Say What?

So I was in a line at the post office yesterday, waiting [im]patiently for the clerk to complete the transactions of the 10,999 people in front of me so that I could pick up my package.

I reached the window and smiled at the clerk as I've done multiple times in the past [no, really, multiple times. I practically LIVE at the post office some days]. This particular clerk thinks that I have the greatest accent ever, so he asks me to repeat everything I say twice; it's partially amusing, partially frustrating, but beyond that, we haven't ever had prolonged interactions.

Yesterday, though, he paid me a compliment.

'You go to that church, don't you?' he motioned in the vague direction of my church and asked.

'I do, actually!' I replied.

'I can tell. There's something different about you. The spirit of God is just all around you. You know what? You remind me of Proverbs 15'.

'Proverbs 15? I do?' I asked. [I'm not gonna lie - I was frantically searching my brain to remember which Proverb he was comparing me to. Apparently, I cannot summon the Proverbs to my rememberance like I thought I could.]

'You do. Look it up when you get home. Proverbs 15' he said with finality.

So I didn't. I got busy last night and never got a chance to dig around and see what he meant.

But I remembered today, and since he wasn't specific about which part applies to me, here's what Proverbs 15 (the Message) says in it's entirety:

1 A gentle response defuses anger, but a sharp tongue kindles a temper-fire.

2 Knowledge flows like spring water from the wise;
fools are leaky faucets, dripping nonsense.

3 God doesn't miss a thing—
he's alert to good and evil alike.

4 Kind words heal and help;
cutting words wound and maim.

5 Moral dropouts won't listen to their elders;
welcoming correction is a mark of good sense.

6 The lives of God-loyal people flourish;
a misspent life is soon bankrupt.

7 Perceptive words spread knowledge;
fools are hollow—there's nothing to them.

8 God can't stand pious poses,
but he delights in genuine prayers.

9 A life frittered away disgusts God;
he loves those who run straight for the finish line.

10 It's a school of hard knocks for those who leave God's path,
a dead-end street for those who hate God's rules.

11 Even hell holds no secrets from God
do you think he can't read human hearts?
Life Ascends to the Heights
12 Know-it-alls don't like being told what to do;
they avoid the company of wise men and women.

13 A cheerful heart brings a smile to your face;
a sad heart makes it hard to get through the day.

14 An intelligent person is always eager to take in more truth;
fools feed on fast-food fads and fancies.

15 A miserable heart means a miserable life;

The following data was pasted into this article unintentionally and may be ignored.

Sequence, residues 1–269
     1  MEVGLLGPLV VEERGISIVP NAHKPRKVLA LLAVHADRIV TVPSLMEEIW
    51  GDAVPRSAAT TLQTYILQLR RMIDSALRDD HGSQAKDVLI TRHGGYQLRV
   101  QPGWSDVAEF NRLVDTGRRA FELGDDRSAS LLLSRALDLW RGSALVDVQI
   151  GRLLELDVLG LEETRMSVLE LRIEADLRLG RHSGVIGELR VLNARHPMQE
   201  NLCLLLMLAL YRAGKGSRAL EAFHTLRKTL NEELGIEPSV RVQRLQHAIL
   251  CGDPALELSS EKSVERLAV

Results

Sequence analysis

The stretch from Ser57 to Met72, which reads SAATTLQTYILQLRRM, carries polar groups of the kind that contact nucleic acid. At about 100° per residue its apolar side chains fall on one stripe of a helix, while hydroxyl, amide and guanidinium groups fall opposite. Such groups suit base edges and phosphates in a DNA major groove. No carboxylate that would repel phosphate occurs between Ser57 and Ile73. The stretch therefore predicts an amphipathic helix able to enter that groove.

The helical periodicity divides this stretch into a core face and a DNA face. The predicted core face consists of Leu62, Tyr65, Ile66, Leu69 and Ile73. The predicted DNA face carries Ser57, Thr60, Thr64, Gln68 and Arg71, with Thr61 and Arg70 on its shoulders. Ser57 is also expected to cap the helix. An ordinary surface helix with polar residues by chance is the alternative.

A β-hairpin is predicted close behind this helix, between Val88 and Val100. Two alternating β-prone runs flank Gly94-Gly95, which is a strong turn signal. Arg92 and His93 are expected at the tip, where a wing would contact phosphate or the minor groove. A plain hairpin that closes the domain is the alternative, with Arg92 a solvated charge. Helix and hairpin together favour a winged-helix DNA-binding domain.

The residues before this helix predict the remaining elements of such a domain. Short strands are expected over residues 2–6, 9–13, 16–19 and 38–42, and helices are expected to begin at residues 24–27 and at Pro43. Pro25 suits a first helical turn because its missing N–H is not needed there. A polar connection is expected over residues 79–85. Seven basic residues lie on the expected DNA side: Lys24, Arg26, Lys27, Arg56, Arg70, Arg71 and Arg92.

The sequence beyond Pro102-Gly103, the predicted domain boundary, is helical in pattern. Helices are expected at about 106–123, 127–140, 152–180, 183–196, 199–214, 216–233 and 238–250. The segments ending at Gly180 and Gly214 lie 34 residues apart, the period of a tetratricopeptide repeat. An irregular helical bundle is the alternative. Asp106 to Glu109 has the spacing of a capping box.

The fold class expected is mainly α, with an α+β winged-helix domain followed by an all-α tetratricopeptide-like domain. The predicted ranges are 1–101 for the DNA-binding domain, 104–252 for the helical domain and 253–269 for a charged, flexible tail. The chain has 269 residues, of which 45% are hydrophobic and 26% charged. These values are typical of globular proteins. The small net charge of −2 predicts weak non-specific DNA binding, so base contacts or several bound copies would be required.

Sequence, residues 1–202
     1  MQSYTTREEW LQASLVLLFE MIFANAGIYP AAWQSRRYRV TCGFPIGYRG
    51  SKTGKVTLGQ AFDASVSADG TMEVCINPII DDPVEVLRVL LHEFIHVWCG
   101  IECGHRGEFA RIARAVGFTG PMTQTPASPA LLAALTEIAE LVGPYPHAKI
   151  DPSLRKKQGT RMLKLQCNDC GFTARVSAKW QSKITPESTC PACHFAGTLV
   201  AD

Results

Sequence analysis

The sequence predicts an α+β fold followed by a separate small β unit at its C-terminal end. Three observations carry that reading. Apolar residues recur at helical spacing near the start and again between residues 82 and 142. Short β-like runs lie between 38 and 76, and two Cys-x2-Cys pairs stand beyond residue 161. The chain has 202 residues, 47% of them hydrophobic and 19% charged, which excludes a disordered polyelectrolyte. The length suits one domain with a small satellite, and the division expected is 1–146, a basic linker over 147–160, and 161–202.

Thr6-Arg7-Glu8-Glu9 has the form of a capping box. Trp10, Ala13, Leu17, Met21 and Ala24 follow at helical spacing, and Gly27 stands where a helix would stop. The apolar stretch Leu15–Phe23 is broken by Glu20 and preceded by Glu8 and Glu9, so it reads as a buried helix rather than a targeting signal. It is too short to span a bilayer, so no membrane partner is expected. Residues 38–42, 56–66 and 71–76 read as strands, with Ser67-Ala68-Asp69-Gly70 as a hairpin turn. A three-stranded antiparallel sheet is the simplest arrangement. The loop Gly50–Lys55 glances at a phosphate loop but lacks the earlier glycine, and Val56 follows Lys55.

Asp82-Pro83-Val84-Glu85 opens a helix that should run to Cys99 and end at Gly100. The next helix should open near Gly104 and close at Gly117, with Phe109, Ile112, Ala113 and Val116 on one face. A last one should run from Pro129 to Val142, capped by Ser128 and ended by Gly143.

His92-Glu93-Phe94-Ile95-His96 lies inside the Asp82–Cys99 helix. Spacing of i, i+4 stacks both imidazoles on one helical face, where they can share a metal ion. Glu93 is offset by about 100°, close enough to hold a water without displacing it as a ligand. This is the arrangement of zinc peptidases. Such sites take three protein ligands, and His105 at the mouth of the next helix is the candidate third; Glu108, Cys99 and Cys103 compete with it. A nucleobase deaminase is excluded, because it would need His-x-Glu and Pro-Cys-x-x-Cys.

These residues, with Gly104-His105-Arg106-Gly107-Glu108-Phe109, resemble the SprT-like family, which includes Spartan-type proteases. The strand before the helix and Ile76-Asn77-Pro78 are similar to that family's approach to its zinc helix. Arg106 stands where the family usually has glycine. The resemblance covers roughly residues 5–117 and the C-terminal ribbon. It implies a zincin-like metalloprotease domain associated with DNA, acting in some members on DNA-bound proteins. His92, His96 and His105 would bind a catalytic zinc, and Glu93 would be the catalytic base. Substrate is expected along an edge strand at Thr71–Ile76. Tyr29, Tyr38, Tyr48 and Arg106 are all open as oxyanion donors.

a cheerful heart fills the day with song.

16 A simple life in the Fear-of-God
is better than a rich life with a ton of headaches.

17 Better a bread crust shared in love
than a slab of prime rib served in hate.

18 Hot tempers start fights;
a calm, cool spirit keeps the peace.

19 The path of lazy people is overgrown with briers;
the diligent walk down a smooth road.

20 Intelligent children make their parents proud;
lazy students embarrass their parents.

21 The empty-headed treat life as a plaything;
the perceptive grasp its meaning and make a go of it.

22 Refuse good advice and watch your plans fail;
take good counsel and watch them succeed.

23 Congenial conversation—what a pleasure!
The right word at the right time—beautiful!

24 Life ascends to the heights for the thoughtful—
it's a clean about-face from descent into hell.

25 God smashes the pretensions of the arrogant;
he stands with those who have no standing.

26 God can't stand evil scheming,
but he puts words of grace and beauty on display.

27 A greedy and grasping person destroys community;
those who refuse to exploit live and let live.

28 Prayerful answers come from God-loyal people;
the wicked are sewers of abuse.

29 God keeps his distance from the wicked;
he closely attends to the prayers of God-loyal people.

30 A twinkle in the eye means joy in the heart,
and good news makes you feel fit as a fiddle.

31 Listen to good advice if you want to live well,
an honored guest among wise men and women.

32 An undisciplined, self-willed life is puny;
an obedient, God-willed life is spacious.

33 Fear-of-God is a school in skilled living—
first you learn humility, then you experience glory.

I hope it's true, because if so, that means that someone saw Jesus in me - and that's an honor.

Here's what I get from Proverbs 15; a true Christian is kind and humble, committed to being REAL. A true Christian speaks carefully and prayerfully, building up instead of tearing down. A true Christian is God-loyal [I LOVE that term, thank you, Message!] and content in Him. A true Christian's personal, daily, real walk with God is evident to everyone that he or she meets.

It's not rocket science. It's not supposed to be about a Jesus fish or a scripture t-shirt or even a religious job or title. It's about what people are seeing in you, every day. If you're in the middle of a smashingly powerful worship service, you shine Jesus rays. If you're #11,000 in line and you have places to be, you still shine Jesus rays.

Maybe this only means something to me, since I happened to meet the stranger with the kind face who reminded me what kind of Christian I need to be; but whether or not you were complimented by a mail clerk yesterday, the message applies to you. Don't even lie. You know it's true! ;o)

It's about real Christianity. An everyday walk with purpose, passion, and proof. [Oh, yeah. I just went there with the triple Ps. Love me for it.]

Are you living it?

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